‘All human beings,” the late Gabriel García Márquez once wrote, “have three lives: public, private, and secret.” Alas, the lines of demarcation are fading, the abundance of cheap recording technology and the relentless voyeurism of the Internet conspiring to abolish our penetralia. The latest victim of the tiny microphone is Donald Sterling, the owner of the Los Angeles Clippers, who has been revealed beyond reasonable doubt to be a racist. In the course of a telephone conversation that was taped and then released into the public domain, Sterling can be heard telling his mistress that he doesn’t want her “associating with black people,” bringing them “to my games,” or “taking pictures with minorities.” For this, he has been effectively expelled from the NBA.#ad#
It is difficult to work up much sympathy for the man — a billionaire with a history of rank intolerance and questionable business ethics. And that his remarks came from a conversation with a woman who is not his wife does little to help his cause. Nevertheless, one should be a little reluctant to applaud the recording and dissemination of a private telephone conversation simply because it has skewered someone unpleasant. At yesterday’s press conference, one especially earnest member of the audience asked whether the powers-that-be at the NBA intended to conduct an investigation to find out if anyone else involved with basketball had ugly views — an instinct that, when coupled with the performance-art outrage and glancing-at-the-cameras indignation that are the hallmarks of our age, carried with it a whiff of inquisition. This feeling, that everyone involved with the sport had been put on notice not to deviate from the zeitgeist, was not assuaged by a statement from Sacramento mayor Kevin Johnson, a former NBA All-Star who was given the task of representing the NBA players’ union. “I hope,” Johnson announced, “that every bigot in this country sees what happened to Mr. Sterling, and recognizes that if he can fall, so can you.” This rather set my teeth on edge. “Bigot” is a broad term nowadays, and its meaning changes by the day. Is anyone safe?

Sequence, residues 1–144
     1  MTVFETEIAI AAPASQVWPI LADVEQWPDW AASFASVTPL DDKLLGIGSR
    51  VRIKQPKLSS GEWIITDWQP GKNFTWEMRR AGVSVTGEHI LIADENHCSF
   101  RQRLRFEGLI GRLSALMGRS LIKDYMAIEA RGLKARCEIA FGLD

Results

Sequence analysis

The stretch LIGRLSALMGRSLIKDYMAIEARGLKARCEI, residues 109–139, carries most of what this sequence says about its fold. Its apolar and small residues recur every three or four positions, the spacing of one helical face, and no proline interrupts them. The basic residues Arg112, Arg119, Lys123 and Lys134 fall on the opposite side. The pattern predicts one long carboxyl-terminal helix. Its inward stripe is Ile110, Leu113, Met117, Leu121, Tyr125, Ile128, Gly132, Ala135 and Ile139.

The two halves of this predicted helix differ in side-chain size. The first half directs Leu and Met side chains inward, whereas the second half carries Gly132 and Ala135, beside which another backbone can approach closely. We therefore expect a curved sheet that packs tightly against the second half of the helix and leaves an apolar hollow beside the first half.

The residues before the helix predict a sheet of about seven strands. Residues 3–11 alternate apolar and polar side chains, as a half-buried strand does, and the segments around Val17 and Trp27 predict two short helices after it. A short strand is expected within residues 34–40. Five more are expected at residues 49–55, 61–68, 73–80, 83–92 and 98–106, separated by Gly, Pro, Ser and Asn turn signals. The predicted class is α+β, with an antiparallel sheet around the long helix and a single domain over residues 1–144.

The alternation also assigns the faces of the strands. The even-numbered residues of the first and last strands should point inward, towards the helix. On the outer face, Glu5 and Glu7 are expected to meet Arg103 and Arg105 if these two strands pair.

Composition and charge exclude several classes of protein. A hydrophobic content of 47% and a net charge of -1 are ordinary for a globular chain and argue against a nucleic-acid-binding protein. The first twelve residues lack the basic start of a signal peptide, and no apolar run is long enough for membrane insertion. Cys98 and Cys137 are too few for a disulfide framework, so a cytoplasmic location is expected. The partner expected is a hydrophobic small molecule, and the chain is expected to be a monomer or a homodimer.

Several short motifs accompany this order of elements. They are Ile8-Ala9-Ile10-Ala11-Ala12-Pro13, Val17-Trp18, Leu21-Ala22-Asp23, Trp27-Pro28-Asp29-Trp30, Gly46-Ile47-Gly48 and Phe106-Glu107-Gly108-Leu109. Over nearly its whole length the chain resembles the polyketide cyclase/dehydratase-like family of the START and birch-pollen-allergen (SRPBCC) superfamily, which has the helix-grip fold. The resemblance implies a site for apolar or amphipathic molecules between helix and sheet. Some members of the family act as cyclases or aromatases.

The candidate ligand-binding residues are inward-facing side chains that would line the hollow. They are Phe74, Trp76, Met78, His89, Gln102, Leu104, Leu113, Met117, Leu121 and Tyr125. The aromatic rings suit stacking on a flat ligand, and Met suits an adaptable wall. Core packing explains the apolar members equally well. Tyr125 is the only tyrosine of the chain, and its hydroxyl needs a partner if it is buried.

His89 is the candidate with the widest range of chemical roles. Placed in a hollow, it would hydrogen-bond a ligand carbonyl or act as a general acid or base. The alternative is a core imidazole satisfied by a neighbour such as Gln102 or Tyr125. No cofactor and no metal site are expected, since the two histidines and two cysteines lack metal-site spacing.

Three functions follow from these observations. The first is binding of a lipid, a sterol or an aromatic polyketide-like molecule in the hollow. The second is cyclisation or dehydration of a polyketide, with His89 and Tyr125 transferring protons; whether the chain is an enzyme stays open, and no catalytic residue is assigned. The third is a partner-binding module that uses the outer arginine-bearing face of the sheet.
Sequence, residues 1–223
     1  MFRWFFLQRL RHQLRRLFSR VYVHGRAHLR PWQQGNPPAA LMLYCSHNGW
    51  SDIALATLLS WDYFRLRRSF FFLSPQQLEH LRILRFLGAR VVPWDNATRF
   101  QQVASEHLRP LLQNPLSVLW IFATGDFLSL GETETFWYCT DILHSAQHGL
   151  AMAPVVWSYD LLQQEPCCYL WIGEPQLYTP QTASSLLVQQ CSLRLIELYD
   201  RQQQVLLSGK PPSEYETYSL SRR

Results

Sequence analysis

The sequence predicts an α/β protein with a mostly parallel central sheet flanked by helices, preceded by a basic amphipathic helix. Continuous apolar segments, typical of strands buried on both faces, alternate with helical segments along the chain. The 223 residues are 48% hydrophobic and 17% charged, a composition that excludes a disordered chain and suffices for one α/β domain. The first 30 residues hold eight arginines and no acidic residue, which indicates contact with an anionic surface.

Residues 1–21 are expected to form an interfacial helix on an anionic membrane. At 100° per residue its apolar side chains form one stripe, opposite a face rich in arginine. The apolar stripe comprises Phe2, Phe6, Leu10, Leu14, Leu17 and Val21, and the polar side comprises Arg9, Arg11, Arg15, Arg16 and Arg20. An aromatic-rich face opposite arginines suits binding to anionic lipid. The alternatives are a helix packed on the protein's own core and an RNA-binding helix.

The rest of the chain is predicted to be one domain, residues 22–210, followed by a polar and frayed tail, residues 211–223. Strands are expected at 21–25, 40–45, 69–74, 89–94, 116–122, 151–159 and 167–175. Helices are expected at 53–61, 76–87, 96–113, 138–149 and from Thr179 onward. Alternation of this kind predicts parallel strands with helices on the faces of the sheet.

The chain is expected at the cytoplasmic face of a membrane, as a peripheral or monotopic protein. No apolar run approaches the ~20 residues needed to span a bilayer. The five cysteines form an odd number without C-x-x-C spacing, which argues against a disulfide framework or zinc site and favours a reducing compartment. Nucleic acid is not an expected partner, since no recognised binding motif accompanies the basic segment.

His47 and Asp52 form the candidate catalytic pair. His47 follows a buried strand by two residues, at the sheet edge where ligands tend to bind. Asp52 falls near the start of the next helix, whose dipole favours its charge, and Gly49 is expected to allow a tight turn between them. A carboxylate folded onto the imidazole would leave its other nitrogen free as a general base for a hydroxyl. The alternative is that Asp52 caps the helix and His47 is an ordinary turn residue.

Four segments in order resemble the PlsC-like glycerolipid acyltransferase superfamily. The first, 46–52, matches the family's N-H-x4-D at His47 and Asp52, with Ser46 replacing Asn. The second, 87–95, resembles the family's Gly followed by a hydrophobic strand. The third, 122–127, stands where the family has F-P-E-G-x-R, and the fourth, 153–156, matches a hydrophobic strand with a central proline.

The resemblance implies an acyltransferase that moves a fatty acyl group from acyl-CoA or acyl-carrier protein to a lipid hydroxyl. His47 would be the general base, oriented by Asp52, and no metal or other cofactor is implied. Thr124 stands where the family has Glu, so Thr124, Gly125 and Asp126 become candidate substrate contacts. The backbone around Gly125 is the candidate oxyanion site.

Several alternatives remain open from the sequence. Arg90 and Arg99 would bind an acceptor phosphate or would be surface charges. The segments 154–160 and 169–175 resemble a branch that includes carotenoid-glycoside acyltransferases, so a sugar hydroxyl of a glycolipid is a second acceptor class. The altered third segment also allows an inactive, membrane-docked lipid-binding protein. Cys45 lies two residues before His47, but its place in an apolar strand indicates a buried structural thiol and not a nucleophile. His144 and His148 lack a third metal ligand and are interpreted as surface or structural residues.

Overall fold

The considerable fine that has been levied, the lifetime ban that has been imposed, and the forced sale that is threatened are the products of a contract that Sterling signed and not a law that he broke. The First Amendment thus does not come into play here, this being instead a good example of the private sector working as it should. Progressives who like to ask skeptically what someone could possibly say to convince conservatives that it is time for the market to clear out the undesirables now have their answer: This. This was a step too far. The pressure was too much for an organization the size of the NBA to resist, and probably rightly so.
Still, to agree that Sterling had to go once the tape had been leaked is not to agree that such a process is welcome in and of itself, nor is it to presume that the instinct to burn the witches that always accompanies such freak-outs is a virtuous or praiseworthy thing. Donald Sterling did not make these comments in public, nor did he act upon them in any documented manner. (His record as an alleged “slumlord,” although appalling if true, predated his role at the Clippers and is wholly separate from it.) Once again, a man has been pushed out of his job for his private views — held up as a bigot who could not be permitted to be around others. This at least should give us pause — even if his words should not.